Duterte, Marcos, and Order

Duterte ran his campaign on the basis of challenging the hegemony of Manila and its ruling oligarchy. But he built his reputation as the Mayor of Davao that held it together against the chaos of crime and disorder. His statements on crime are easily his most flamboyant and spectacular. The claim is that the paramilitary Davao Death Squads which he lead saved the city from its own wanton underbelly. The concrete success of the DDS in eradicating crime in Davao is debatable, nevertheless, the Mayor and his gang of thugs and hitmen have long been wildly popular there in and in Mindanao. It is a measure of how bad things have gotten in the rest of the country that a policy developed in the context of the social pressures generated by civil war should be gaining traction outside of Mindanao.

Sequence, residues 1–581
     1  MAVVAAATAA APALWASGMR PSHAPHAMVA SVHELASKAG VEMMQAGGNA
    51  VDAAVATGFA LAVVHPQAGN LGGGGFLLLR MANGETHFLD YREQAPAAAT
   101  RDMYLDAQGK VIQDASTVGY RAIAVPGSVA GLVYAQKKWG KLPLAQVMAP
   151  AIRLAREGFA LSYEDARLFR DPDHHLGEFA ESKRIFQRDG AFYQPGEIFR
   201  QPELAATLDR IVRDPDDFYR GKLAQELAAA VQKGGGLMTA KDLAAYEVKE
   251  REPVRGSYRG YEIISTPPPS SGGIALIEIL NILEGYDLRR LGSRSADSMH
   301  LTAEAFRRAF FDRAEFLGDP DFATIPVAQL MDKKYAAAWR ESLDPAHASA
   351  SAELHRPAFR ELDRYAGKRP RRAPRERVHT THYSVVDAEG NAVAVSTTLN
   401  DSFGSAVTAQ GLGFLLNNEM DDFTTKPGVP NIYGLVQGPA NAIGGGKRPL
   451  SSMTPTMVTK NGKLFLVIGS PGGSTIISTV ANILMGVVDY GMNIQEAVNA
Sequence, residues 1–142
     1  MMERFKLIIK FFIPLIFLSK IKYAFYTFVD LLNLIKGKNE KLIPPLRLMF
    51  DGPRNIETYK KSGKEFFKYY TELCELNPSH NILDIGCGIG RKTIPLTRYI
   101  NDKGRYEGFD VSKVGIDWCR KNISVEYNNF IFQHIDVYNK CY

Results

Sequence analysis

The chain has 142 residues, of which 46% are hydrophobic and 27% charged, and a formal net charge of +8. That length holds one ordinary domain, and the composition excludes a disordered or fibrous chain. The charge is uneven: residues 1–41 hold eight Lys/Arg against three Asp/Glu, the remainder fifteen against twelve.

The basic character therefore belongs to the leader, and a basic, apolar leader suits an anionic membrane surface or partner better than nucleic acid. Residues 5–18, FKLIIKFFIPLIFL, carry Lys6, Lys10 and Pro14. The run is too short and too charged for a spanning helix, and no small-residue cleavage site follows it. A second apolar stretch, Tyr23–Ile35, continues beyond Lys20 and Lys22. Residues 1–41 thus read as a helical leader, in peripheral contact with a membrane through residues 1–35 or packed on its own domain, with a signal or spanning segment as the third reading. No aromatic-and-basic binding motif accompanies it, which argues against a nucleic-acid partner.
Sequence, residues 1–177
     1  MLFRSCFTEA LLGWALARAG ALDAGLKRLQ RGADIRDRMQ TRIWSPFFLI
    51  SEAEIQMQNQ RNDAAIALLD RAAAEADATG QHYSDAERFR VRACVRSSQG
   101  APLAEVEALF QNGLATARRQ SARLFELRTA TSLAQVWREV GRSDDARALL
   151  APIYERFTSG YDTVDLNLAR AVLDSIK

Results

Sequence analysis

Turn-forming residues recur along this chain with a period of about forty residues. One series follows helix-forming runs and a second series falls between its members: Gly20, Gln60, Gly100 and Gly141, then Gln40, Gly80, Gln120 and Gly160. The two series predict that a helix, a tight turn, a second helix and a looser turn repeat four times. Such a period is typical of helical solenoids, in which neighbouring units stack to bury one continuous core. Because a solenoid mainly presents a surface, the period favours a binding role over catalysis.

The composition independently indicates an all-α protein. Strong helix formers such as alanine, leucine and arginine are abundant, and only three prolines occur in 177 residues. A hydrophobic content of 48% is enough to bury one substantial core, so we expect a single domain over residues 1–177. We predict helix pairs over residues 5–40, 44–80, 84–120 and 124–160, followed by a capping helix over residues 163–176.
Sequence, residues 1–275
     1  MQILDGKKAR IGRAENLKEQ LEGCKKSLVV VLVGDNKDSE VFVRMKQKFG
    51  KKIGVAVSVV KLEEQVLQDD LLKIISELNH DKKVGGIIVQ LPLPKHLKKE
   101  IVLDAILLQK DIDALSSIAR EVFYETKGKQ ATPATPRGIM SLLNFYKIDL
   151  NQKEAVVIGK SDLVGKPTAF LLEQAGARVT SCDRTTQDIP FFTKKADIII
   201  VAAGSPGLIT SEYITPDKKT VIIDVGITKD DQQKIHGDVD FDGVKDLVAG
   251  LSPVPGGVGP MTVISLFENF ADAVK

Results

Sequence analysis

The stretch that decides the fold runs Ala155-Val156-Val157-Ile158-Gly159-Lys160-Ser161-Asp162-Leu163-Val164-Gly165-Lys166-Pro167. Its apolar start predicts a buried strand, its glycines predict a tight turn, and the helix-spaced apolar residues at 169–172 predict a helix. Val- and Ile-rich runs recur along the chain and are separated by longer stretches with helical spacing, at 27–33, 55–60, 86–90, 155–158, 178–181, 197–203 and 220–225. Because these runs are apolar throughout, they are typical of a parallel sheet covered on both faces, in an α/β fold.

The same anxiety which propelled Duterte to victory is also behind the reemergence of the Marcos' to national relevance. According to Rappler, Marcos is the preferred candidate among voters in the top 3 income brackets (ABC). This is an exaggeration and it does not say which sections of the elite classes in particular tend to prefer him, but it says something about the kind of revolution that EDSA I was: the kind that mobilised the entire population right down to the poorest squatters in order to allow a different section of the elites to take over. The gains of that revolution should not be discounted, but this fundamental reality remains. What we are talking about here are rival fractions of the entire ruling class, fractions, moreover whose borders are exceedingly porous. Hence Enrile can be Marcos’ defense minister before defecting then support Marcos Jr. once again to no one’s surprise. Hence the presence of the Cojuanco’s on either side of the fence. Hence Cory Acquino's favour for the Duterte's in Mindanao in spite of their links to Durano. Even where individuals do not skip fences as easily as one might change a shirt, the ABC is composed of siblings, cousins, friends, and classmates who each back one horse or another but maintain their connections. The political prospects of the Marcos’ were not eliminated because their class remained in power -- and with this class, they are fundamentally close, tied by blood, acquaintance, culture, sensibility, and money.